2. Spoon some of the ketchup into the gelatin, and mix well. Don’t add the gelatin into the ketchup, as it might lump up. 

3. Add the pickles. Let the gelatin set a little in the refrigerator first for about 15 minutes or so. Pipe onto the shells, and immediately return to the fridge to let it finish setting up. Do not let it sit out at room temperature before it has harden because the ketchup mixture is quite wet. 


The Weird Food Challenge

So, after an incredibly stressful college application process, it’s finally over and spring break is here! And not a moment sooner either. But I thought… what better way to spend my spring break other than challenging myself to make (and eat) weird foods for a week.

You might ask… why in the world would you do that?

Well, why not? I’ve come across so many recipes that I’ve shied away from because it just sounded so disgusting, that I would need serious motivation to commit myself to making it. 

Consider this the serious motivation. The kick in the butt. It’s starting, and honestly, I’m terrified. As Cathy, my British friend, so eloquently warned… “This could be highly damaging to your psyche, Emily.” Hopefully, my psyche will be prepared for whatever beating it will endure for the length of this week.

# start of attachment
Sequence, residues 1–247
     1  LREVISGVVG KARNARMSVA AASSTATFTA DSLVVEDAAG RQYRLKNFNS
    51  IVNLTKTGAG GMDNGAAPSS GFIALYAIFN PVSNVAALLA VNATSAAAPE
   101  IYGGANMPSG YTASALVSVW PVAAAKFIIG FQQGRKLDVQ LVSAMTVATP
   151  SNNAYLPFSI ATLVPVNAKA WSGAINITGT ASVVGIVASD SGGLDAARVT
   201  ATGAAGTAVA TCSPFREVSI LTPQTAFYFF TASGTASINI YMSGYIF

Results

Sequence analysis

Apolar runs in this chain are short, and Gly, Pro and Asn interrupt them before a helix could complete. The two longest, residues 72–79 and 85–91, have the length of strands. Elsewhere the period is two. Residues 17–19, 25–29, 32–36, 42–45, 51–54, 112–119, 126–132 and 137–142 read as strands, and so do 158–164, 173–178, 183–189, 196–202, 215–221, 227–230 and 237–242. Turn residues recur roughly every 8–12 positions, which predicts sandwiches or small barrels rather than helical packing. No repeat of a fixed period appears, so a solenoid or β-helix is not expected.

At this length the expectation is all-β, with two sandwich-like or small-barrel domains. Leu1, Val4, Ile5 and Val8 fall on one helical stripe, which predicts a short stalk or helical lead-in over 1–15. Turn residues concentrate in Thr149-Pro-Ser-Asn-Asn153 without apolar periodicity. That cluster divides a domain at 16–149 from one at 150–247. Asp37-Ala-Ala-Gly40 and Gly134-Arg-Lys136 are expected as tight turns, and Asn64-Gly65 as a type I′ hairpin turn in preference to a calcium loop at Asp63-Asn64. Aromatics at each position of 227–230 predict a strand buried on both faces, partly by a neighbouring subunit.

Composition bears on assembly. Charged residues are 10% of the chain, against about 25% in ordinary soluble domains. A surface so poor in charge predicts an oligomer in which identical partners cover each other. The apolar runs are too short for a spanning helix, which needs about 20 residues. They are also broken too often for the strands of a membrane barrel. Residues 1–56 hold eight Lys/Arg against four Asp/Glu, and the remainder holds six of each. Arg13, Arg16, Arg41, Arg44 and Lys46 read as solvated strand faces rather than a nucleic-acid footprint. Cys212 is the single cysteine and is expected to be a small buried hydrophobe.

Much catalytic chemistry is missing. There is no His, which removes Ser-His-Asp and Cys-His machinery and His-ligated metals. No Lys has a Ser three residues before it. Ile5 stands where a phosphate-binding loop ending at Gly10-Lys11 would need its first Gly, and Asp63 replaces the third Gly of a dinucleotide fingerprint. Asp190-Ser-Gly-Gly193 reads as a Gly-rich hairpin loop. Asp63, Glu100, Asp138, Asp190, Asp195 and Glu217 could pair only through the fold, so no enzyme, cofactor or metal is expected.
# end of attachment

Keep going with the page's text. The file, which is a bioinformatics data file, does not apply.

There are only two rules. 

1. I have to incorporate an ingredient in an unique way that I’ve never previously done so.

2. I have to taste it. And so do my parents (force will be used if necessary). 

If anybody has any recommendations, let me know! I’m still in dire need of some awesome (but could be totally gross) recipes. 


Please note: If I don’t make it through this process – I died for a worthy cause. 

Austrian Potato Salad (Kartoffelsalat)

I think one of the most memorable foods I tried in Austria was the potato salad. It was everywhere, and often came as part of the “mixed salad”. Instead of being creamy like American potato salad, it tasted sweet and tangy, the perfect accompaniment to heavy meats or greasier foods.